A tribute to and a lament for Marshall McLuhan.  Five days a week, Tuesday through Saturday, I present one of McLuhan’s observations and talk about its relevance today.  300 ideas. 300 days.  300 posts.

Would you buy a used car from this man?

Marshall McLuhan (August, 1967, age 56).  We’re in the money!

Today I signed a deal with Eugene Schwartz.  The Marshall McLuhan Dew-Line Newsletter is destined to make McLuhan Inc. a tidy sum of money.  The newsletter according to our ad copy will be “a startling, shocking Early Warning System for our era of instant change!”  Each month the newsletter will deliver “the most vital developments of our day – filled with both immense danger and previously undreamed-of potential.”  What developments?  “The Teen-age drop out,”  “The Ghetto Rebellion,” “The super-urbs” replacing our cities.  Here are some of the pressing questions of the day the newsletter will answer.  “Why do Negro youngsters in Watts say ‘Why should I interrupt my education to go to school?  Why did IBM spend thousands of dollars with Dr. McLuhan to devise a sensory profile of their executives?  Why have advertising agencies become the most effective educational institutions in our society?”  I can’t wait to hear my answers.

Me (August, 2010, age 58). They’re in something else!

The first edition of the monthly newsletter was mailed to roughly 4,000 subscribers in July 1968 and continued until sometime in 1970.  The subscribers paid $50 a year for the newsletter and McLuhan was promised a minimum of $10,000 in the first year and $20,000 in the second, and his son Eric as editor of the newsletter was promised $15,000 a year and a top-floor office on Madison Avenue. [For more]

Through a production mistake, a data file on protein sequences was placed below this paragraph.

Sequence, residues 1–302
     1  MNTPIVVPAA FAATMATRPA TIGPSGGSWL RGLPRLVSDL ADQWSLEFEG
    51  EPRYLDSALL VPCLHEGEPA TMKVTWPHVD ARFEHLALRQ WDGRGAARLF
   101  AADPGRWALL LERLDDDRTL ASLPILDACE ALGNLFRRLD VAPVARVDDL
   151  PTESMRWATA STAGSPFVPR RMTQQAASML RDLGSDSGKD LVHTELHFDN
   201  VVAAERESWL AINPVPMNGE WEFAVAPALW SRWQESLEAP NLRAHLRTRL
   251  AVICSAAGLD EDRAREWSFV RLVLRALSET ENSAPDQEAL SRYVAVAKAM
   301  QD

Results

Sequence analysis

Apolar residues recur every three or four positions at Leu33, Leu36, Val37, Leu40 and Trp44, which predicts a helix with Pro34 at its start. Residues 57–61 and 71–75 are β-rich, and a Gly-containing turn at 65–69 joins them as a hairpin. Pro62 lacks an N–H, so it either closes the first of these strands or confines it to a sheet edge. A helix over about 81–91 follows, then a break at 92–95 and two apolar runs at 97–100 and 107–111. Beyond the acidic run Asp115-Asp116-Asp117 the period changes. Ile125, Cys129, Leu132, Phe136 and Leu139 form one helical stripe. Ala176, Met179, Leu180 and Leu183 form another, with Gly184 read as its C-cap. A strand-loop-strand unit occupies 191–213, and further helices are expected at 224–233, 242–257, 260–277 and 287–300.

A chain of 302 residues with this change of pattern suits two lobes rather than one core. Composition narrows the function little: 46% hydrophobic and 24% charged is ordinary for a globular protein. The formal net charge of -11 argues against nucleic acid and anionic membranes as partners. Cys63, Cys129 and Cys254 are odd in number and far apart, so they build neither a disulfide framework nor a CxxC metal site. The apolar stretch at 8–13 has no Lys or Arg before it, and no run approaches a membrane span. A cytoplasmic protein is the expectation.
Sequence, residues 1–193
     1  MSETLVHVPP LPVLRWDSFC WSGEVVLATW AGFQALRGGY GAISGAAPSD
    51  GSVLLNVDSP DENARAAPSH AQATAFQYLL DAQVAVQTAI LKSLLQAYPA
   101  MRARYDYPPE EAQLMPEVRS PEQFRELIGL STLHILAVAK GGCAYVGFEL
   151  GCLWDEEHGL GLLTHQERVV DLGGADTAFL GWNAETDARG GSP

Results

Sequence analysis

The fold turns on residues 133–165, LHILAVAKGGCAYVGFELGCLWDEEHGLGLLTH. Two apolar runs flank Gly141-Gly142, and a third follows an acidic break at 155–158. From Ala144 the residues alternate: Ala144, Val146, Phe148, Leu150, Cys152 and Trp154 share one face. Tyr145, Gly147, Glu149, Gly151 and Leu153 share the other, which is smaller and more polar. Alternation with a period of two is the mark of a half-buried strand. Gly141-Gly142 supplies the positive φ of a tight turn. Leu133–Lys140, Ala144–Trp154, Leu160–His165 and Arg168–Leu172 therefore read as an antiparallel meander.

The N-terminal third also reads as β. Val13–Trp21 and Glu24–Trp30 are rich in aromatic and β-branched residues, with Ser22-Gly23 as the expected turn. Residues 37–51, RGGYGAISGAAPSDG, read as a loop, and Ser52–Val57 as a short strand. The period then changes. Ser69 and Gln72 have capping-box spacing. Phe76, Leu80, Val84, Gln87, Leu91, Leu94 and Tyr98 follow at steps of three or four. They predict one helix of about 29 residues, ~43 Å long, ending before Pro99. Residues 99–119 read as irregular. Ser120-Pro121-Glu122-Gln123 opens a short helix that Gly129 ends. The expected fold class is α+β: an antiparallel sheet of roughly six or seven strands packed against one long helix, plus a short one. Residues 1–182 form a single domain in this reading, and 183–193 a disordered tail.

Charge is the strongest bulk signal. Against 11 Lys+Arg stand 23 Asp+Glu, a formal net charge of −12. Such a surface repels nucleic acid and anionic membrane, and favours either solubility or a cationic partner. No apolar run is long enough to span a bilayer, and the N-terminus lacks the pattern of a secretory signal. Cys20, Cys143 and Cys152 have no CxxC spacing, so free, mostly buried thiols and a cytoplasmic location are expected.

The newsletter had three problems. (See Marchand’s biography of McLuhan)

  1. Much of the content was vintage McLuhan, but it did not differ very much from what Mcluhan was saying elsewhere for free.
  2. The newsletter’s advice was general rather than specific and topical.
  3. The newsletter “did nothing but intensify suspicions that McLuhan was a charlatan and a man out to exploit his reputation as a media wizard for every penny he could get.” (p. 228.)

McLuhan made no money out of the venture.  It is hard not to be disappointed in McLuhan.  The harsh part of me says:  The moral is, if you’re going to sell out get the money up front.  The sensitive part of me says:  The moral is, if you’re famous people will try to take advantage of you.

Cordially, Marshall and Me


Philip Marchand, Marshall McLuhan:  The Medium and the Messenger, 1989, pp. 209, 210, 227-229.

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Michael Hinton Wednesday, August 11th, 2010
Permalink 1950s and 60s, Communication, Vol. 1 No Comments

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